After Mellor, the A59 is pretty much unimproved and is a bit of a drag as far as Langho where it meets the A666 and the Whalley bypass starts. This must have been intended as a dual carriageway - the roundabout with the A666 is massive, and on a whopping embankment, so the A59 was obviously intended to pass underneath as a dual carriageway. The entire bypass has wide cuttings and embankments, and the bridges are wide enough to accommodate. It has "two-way traffic" signs all along it, such is the appearance of this being a dualled stretch. The section between the two bits of the A671 has just been dualled (not really sure why), but the next bypass section (Clitheroe) is single, and has some dangerous crossroads, one of which has been replaced with a roundabout. After Chatburn, we revert to the original route, and prior to 1974, would now be in Yorkshire (on the ancient boundaries, the Tykes took a huge bite out of Lancs here, even though we are clearly well to the west of the Pennine chain). A short blast up Sawley Hill was improved a number of years ago with a new three lane section. We pass through Gisburn village (for hundreds of years it was spelt 'Gisburne' until the railway came along and some dim employee missed the "e" off on the station sign), and a short improved section near Horton where a narrow twisty stretch was 'ironed out'. Officially now in Yorkshire, we pass the double-arched bridge over the canal at East Marton (they built a new road bridge on top of the existing hump-backed bridge - looks a bit odd) A nice new roundabout was built a couple of years ago to improve the A56 junction at Broughton, and then it's only a couple of miles to the god-send that is the Skipton bypass (see my A65 posting). The A59 and A65 multiplex round the town, partly on the original A59 (although the A65 is dominant).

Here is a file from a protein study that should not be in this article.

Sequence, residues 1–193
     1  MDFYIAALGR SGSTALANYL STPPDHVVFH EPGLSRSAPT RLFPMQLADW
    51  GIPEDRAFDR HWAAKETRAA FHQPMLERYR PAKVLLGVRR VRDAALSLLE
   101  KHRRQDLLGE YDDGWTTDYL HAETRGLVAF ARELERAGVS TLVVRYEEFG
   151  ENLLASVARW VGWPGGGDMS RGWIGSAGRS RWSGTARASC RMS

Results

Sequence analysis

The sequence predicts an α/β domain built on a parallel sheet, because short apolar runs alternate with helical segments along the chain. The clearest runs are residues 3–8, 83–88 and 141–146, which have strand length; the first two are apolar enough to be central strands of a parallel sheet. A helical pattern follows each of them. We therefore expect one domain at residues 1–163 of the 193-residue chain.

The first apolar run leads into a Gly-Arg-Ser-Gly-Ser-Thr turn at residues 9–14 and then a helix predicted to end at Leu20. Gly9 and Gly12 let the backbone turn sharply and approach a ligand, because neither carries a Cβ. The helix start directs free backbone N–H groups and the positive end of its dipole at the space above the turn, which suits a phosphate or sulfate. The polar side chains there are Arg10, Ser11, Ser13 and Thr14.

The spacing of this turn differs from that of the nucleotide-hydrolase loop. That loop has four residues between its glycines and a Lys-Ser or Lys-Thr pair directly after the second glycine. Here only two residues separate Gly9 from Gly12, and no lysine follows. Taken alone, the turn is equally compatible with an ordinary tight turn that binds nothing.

Near Blubberhouses

The A59 lost trunk road status in Skipton and, until the end of the 20th century, was a secondary route - and it shows. Although this is one of the best bits of road in England, it is a bit 'up and down', twisty, and narrow in several sections. A short bypass was built at Bolton Bridge in the 1990s, and the long, long drag up Beamsley Hill was straightened out and widened to three lanes many years ago (before my time I think). This is now an excellent, and fun, bit of road - you can easily do 80 up the middle lane overtaking Sunday drivers without thinking about it. At the summit, the road deteriorates, and it's then a long, narrow descent, on the edge of a huge ravine, down to the wonderfully named village of Blubberhouses. This section of road is regularly closed due to landslips, the most recent in Winter 2016 when it was closed for weeks. There are plans to relocate the road to the other side of the valley.